Remaining Positive During Treatment

Last updated: May 2022

The challenge of being a blood cancer survivor, in remission, and dealing with the cancer diagnosis of my husband undergoing treatment for lung cancer can certainly present numerous challenges. It is suggested that we “stay in the present.” Yes, he has cancer, we are both tired, worried, and fighting for his life. But we are surrounded by the people that love us, and by caring and competent physicians.

Living one moment at a time

I am trying to live “one moment at a time,” which is difficult for me as I like to be in control. Deep breathing and meditating have helped. I try not to dwell on the cancer and its treatment. Enjoy the positive moments. I was excited when several weeks post-op, Brian showered by himself and suggested we walk our dog by the beach. I recognized the progress he is making.

You are not your diagnosis

You are not your diagnosis! Having cancer does not mean you need to put your life on hold.

Realizing that I need to stay positive, I have resumed a schedule of yoga classes to help clear my head and allow me to have more patience during this stressful time. Cognitive therapy, in which one identifies stressors in their life and suggest strategies to address is also helpful.

Tips for mental health

Here are some ways to keep positive mental health.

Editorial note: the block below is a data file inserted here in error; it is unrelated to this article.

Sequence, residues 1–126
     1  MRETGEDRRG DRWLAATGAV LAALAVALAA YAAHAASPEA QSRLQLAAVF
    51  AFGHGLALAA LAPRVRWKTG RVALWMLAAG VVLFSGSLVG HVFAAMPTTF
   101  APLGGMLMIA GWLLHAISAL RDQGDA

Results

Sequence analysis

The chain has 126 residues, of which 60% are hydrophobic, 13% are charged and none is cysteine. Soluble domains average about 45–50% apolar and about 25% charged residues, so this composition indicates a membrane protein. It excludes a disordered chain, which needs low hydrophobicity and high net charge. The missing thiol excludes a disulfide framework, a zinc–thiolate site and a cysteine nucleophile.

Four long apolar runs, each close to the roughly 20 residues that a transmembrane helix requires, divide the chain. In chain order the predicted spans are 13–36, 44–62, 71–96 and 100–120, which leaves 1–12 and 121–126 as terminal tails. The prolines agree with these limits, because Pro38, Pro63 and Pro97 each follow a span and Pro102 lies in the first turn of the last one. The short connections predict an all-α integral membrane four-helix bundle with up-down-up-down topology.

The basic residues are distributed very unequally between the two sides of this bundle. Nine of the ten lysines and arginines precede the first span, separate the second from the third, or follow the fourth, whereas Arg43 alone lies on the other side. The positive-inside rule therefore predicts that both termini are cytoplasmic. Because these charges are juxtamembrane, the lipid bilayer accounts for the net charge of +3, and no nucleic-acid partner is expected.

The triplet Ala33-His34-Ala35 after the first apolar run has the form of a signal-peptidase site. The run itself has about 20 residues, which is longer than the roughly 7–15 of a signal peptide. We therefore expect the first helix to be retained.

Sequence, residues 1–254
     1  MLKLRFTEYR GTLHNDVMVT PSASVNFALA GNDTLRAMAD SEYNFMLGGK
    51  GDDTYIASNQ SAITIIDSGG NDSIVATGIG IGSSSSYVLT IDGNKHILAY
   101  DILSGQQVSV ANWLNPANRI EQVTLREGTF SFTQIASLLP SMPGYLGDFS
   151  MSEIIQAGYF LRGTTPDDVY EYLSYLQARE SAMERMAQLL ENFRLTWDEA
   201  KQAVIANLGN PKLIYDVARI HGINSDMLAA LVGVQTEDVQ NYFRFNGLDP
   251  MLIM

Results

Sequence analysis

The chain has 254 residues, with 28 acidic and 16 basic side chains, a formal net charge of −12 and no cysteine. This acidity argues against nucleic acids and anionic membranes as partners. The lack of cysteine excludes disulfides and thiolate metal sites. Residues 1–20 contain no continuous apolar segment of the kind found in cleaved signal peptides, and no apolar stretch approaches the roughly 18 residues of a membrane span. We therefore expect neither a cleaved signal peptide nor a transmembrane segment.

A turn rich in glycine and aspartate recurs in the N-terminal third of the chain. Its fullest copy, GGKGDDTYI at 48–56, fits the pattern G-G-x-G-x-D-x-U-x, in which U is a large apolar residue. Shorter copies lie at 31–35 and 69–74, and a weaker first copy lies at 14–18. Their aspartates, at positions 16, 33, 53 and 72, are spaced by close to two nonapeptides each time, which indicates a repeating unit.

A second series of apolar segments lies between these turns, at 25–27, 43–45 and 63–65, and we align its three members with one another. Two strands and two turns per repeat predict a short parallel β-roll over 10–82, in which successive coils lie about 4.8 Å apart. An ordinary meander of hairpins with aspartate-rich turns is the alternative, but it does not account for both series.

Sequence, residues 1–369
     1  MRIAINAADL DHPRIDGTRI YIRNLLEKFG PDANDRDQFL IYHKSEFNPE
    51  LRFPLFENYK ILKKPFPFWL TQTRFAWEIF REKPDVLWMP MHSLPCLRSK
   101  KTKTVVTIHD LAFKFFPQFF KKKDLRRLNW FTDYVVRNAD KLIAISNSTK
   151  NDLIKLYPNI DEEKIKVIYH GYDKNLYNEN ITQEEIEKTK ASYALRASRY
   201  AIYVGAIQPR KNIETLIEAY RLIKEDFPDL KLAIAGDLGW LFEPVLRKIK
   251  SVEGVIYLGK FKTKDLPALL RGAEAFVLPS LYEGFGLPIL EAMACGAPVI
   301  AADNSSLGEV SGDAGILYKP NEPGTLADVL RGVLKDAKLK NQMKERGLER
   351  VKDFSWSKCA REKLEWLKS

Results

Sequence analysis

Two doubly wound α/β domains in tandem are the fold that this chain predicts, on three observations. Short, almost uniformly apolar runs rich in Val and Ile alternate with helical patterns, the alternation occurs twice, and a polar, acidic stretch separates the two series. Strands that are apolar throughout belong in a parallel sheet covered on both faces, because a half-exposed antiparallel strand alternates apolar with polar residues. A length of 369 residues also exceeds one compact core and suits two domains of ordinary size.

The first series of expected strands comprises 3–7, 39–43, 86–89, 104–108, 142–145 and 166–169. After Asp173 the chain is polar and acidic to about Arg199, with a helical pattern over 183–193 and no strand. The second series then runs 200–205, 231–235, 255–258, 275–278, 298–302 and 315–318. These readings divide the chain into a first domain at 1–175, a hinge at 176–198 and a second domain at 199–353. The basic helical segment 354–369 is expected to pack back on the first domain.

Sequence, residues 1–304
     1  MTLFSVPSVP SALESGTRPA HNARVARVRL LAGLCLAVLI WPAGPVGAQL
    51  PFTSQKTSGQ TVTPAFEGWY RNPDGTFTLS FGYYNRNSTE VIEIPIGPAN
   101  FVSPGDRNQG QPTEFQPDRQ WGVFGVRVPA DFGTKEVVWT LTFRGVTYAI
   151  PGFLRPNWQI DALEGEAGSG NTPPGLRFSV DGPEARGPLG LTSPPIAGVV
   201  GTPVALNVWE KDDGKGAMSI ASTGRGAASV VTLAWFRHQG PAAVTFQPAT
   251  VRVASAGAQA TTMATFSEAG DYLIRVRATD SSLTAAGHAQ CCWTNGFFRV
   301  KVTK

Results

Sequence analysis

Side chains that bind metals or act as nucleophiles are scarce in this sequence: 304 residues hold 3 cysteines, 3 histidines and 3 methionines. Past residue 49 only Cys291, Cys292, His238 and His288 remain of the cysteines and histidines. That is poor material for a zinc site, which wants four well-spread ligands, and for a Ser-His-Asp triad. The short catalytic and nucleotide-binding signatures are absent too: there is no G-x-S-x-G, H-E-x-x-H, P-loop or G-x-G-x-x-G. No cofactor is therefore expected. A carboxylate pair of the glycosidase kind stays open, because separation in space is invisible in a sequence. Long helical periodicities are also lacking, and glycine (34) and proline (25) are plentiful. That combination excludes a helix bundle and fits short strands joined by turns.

• Keep doing the things that bring you joy. Nurture yourself, what makes you happy? Look at each day as a new opportunity. My husband enjoys spending time with his puppy, watching golf and football. He hopes to take a boating safety course to enjoy his new boat. I have encouraged him to make plans. We are praying that his chemotherapy will be completed by summer, and he can enjoy both his boat and playing golf.
  • Stay in touch with family and friends who can be a valuable support, provide advice and company. Chatting with an old dear friend has helped me through the dark moments.
  • Reach out to family. My sister-in-law was an amazing help, when we needed a ride to NYC to have a procedure done. I will be forever grateful. Our neighbors, in our new neighborhood, have been very helpful, checking on us and even shoveling the snow from our driveway.
  • Allow yourself more rest. Lack of sleep can lead to poor decisions and negatively affect your mood. We both try to nap when tired.
  • Try to count your blessings. Yes, things could be worse. My husband survived the complex surgery, and the lung tumor was removed.
  • Try to look for hope. We are alive and there is a plan for chemotherapy which will improve his overall survival.
  • Stay balanced with emotion. You do not always have to be positive. I give myself permission to have low moments, feeling sad or angry but move on. I try to have confidence in who I am and how I handled stress in the past.
  • Be informed. The unknown is frightening. Knowledge is power. I researched all aspects of lung cancer and its treatment. I learned about biologic studies and its relevance to the choice of treatment. This helped me understand the proposed chemotherapy protocol.

Life is worth fighting for. The above strategies are helping my husband and I stay positive as we manage his chemotherapy and look forward to the future.

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